By Aimee Chanthadavong
Australia is the most mature cloud market in the Asia Pacific region and it’s only expected to continue grow, which will have a domino-like affect on a number of sectors including retail, according to Frost & Sullivan.
The Australian cloud computing market was worth US$ 882.4 million in 2012 and is expected to reach US$ 3.33 billion in 2016. Frost & Sullivan expects this market to grow at a CAGR of 40.3 per cent from 2011-2016.
At Frost & Sullivan’s ICT outlook briefing 2013 held in Sydney, Andrew Milroy, ICT Practice, Frost & Sullivan Asia Pacific, said there are currently 43 per cent of Australian businesses who have already adopted cloud computing but highlights the country’s adoption of it is divided.
“There’s a polarised adoption of cloud in Australia. We have CEOs of banks, for example, taking advantage of the public cloud through using mobile applications to allow customers to complete transactions,” he said.
“But there is a conservative element such as in the retail sector where they’re rather dull adopters of new technology because of their concerns in regards to privacy, cost and so on.”
Milroy also highlighted cloud computing is transforming the way in which organisations and individuals engage with one another. One key change is the reduction in the size of IT departments and much great cross industry convergence.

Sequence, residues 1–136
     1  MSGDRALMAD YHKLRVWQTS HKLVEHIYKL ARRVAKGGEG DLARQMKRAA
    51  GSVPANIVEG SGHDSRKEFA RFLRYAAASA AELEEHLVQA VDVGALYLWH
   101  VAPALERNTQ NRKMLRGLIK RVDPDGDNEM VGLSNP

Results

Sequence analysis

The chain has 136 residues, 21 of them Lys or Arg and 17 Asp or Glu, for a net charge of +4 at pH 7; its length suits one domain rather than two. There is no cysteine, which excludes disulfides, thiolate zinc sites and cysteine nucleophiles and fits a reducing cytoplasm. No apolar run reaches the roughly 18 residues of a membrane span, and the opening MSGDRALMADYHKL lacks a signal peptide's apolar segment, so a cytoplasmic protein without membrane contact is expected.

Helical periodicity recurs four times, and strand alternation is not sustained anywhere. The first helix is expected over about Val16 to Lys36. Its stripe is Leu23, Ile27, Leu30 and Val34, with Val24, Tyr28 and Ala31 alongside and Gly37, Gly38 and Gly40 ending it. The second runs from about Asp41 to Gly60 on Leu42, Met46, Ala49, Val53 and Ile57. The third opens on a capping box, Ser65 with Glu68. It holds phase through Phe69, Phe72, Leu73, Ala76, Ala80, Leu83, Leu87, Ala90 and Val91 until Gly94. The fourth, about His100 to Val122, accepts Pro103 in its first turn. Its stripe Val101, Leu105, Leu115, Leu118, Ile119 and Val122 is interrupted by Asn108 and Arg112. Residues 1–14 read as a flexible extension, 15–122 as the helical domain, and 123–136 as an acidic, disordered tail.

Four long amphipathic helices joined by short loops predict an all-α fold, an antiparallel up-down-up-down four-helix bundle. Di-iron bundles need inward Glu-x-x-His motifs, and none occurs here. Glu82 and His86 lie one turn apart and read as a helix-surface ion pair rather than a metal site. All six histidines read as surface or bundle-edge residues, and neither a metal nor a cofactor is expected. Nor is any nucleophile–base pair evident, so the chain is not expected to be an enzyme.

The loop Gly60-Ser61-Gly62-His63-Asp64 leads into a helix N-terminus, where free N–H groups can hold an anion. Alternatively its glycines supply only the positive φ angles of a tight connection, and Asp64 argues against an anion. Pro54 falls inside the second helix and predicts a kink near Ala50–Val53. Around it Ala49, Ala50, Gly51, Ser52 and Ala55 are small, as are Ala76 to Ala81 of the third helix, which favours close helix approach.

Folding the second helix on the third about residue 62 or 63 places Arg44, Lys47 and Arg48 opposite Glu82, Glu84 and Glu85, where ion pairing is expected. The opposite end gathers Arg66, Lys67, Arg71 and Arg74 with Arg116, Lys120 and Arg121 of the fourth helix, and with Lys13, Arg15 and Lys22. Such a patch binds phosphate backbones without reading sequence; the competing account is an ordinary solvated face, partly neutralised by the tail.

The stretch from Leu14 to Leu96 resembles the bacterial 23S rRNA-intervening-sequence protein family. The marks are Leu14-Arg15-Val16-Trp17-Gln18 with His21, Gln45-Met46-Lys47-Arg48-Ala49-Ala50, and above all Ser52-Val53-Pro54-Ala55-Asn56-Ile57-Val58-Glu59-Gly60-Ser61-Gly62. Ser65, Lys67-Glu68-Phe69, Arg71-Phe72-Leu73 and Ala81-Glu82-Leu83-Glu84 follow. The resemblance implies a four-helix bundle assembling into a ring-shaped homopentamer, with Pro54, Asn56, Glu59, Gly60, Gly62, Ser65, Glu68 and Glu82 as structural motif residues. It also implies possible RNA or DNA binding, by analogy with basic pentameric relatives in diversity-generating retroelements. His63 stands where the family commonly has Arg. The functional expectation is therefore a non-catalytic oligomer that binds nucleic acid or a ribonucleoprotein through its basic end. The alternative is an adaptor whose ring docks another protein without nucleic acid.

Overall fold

“This doesn’t necessarily there’ll be mass redundancies but rather IT budgets would be reduced and dispersed and the idea of technology spending would be embedded into other departments like marketing,” Milroy said.
“For example, cloud will shrink IT departments due to automation and as a result this eliminates a lot of task traditionally done by the IT department such as software upgrades.”
The use of new technologies also lowers the barriers to entry for many markets. A clear trend has emerged over the past several years whereby cloud is driving retailers to open virtual e-commerce stores.
“Agile technology coupled with good brand and detailed information about customers makes it easier for retailers to show less respect to traditional boundaries and therefore open virtual stores and more e-commerce stores,” Milroy said.
One retailer who has exemplified this best is Apple who has entered first the music industry and now into multiple media industries.
“Technology is destroying the traditional boundaries between industries. Some of the world’s most successful firms such as Amazon, Google and Apple recognise this. These firms use their brands, their customer relationships and their ‘state of the art’ technology to seamlessly move from one industry to another, ‘terrorising’ incumbents in the process,” Milroy said.